In recent years, Sara Gustafsson’s research has been concentrated on the increasing work of municipalities with the 2030 Agenda and the SDGs. A great deal of activity here is under way in municipalities and regions, and there is thus increasing experience in the implementation of the goals. Sara Gustafsson collects and summarises the experience, followed by analysis and dissemination to relevant bodies. In this way, she contributes inspiration and new knowledge to regions and municipalities that are faced with implementing the global goals.

Methods and circumstances that have been decisive for the significance of the research


A well-developed collaboration with municipalities over many years has resulted in the research having relevance for municipalities. It also helps to develop their work. Collaboration has also taken place with, among organisations, the Swedish Association of Local Authorities and Regions (SALAR), SIS and the United Nations Association of Sweden.

Academic collaboration takes place within Sweden and abroad, with Stockholm University, Aalborg University in Denmark, the international research centre Nordregio, and the interdisciplinary research institute CIRODD in Canada.

Networks and other outreach

Considerable work has been invested in participating in networks, principally networks that link municipalities. The networks, together with other meetings, workshops, lectures, etc. have been opportunities to disseminate research results, and have provided ideas for further research in the form of updates to questions with which municipalities work.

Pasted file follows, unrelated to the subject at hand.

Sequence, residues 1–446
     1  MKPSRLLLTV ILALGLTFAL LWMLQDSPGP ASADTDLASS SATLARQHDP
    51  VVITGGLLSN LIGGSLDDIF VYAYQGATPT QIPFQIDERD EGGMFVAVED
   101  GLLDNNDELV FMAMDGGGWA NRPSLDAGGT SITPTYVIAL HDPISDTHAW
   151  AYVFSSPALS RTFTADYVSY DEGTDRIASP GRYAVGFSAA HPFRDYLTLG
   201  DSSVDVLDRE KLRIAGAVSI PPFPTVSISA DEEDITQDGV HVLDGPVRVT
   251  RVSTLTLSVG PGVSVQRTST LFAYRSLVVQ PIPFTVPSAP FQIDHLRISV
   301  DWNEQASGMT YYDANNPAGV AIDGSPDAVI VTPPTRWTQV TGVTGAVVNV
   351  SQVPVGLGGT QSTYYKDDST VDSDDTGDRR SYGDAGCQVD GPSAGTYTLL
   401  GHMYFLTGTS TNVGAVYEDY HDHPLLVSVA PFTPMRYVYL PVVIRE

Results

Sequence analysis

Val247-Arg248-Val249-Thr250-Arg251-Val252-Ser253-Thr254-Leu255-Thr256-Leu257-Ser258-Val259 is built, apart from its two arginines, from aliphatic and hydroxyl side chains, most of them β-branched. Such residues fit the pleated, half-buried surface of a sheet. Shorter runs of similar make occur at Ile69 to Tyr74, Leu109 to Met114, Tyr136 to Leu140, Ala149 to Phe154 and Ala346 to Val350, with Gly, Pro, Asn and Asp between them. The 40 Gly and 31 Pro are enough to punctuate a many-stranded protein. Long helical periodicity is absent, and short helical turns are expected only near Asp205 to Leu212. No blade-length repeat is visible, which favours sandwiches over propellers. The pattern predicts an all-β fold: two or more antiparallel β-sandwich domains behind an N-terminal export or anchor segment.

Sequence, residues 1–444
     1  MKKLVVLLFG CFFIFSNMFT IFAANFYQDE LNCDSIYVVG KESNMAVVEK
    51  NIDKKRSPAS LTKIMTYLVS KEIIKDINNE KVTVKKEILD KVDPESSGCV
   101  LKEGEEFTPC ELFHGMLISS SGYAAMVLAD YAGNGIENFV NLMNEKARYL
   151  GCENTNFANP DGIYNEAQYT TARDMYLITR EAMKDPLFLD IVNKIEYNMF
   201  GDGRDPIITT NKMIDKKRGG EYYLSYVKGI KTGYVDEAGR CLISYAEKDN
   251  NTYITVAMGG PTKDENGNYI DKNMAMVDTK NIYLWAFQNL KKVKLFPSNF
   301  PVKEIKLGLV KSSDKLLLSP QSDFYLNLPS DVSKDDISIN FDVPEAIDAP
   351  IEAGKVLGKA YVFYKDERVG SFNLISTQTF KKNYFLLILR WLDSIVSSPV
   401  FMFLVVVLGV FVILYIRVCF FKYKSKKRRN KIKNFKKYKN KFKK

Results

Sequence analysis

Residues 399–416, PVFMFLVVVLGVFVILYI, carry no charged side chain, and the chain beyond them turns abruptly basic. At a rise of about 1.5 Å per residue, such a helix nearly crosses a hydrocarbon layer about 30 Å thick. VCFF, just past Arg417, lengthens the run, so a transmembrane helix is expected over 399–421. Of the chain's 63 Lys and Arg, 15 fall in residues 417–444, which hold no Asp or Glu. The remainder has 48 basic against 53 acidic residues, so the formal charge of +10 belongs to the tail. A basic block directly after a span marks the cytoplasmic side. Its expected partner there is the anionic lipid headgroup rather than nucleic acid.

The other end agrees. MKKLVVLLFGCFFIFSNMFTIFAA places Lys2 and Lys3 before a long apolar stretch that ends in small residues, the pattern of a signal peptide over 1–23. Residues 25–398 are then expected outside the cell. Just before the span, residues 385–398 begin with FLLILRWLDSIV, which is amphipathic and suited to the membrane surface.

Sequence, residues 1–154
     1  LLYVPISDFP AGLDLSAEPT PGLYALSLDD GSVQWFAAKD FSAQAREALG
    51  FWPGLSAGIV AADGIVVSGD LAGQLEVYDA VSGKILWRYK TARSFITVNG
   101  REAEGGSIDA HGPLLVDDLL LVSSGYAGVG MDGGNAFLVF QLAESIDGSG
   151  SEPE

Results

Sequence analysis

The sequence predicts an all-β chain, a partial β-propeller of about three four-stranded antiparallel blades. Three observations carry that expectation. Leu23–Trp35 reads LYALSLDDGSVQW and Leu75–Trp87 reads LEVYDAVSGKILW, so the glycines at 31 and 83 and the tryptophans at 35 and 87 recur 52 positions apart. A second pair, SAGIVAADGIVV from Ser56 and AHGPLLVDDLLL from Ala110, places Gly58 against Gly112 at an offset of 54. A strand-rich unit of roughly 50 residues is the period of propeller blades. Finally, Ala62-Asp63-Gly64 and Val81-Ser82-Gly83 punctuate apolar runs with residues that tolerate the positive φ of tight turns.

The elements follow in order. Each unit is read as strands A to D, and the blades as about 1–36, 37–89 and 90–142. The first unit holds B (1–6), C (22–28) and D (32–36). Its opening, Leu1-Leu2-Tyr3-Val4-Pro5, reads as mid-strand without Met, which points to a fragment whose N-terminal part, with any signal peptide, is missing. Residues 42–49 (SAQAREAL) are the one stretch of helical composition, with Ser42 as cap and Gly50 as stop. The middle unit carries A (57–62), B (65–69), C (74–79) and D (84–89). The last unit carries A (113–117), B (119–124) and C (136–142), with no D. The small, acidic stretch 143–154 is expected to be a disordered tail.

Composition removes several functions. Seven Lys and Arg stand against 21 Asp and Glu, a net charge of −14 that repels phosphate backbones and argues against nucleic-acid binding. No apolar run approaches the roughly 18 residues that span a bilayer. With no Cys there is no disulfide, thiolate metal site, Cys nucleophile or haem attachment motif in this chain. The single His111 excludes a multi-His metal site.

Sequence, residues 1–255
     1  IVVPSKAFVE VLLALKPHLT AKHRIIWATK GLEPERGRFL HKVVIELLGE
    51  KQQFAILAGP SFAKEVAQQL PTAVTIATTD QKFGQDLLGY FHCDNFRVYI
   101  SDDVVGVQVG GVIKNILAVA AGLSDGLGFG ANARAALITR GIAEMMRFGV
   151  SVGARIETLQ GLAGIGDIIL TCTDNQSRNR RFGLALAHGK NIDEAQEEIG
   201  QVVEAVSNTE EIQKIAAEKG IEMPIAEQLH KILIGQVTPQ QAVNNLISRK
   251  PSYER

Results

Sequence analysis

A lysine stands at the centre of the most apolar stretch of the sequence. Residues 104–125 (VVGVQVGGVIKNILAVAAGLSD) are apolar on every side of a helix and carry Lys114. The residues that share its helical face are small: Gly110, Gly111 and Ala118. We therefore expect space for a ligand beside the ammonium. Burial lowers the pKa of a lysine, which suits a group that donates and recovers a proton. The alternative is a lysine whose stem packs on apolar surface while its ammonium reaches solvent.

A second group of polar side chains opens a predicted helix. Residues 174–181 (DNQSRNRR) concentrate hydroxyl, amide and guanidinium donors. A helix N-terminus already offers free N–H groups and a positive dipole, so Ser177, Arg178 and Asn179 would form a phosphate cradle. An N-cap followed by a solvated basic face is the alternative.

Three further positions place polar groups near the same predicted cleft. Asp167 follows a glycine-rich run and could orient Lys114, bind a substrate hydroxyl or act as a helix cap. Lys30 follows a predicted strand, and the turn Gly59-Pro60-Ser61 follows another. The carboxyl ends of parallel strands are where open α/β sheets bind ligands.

Reports in Swedish

Sara Gustafsson has adopted a deliberate strategy that involves writing reports, based on research results, in Swedish aimed at the general public. Such popular scientific reports are intended to reach a broader readership. One example is the above-mentioned report Lokal implementering av Agenda 2030 och Globala målen – en kort översikt av regioners och kommuners erfarenheter, möjligheter och utmaningar (in English: Local Implementation of the 2030 Agenda and the SDGs – a brief summary of the experiences, opportunities and challenges facing regions and municipalities). This has reached many employees in municipalities, and has spread knowledge about the local implementation of the 2030 Agenda. In this way, research results have been spread to people who work with these questions at various municipal levels.

“The popular scientific reports are a large part of the reason that so many people who work in municipalities are familiar with my research. My results have stimulated people’s thought processes, and I am often invited to hold lectures and workshops. The municipalities can thus receive acknowledgement for the work they do, and guidance about whether they are working in the best way”, says Sara Gustafsson.

Jannica Schelin is process manager and coordinator in Norrköping Municipality. She has been in contact with Sara Gustafsson for many years when working with sustainability.
“Most recently she helped us to give concrete meaning to the SDGs and their implementation. What should we do, how can we be innovative, and what should we do more of? We adopt her research results in practical use”, says Jannica Schelin.

Collaboration at Linköping university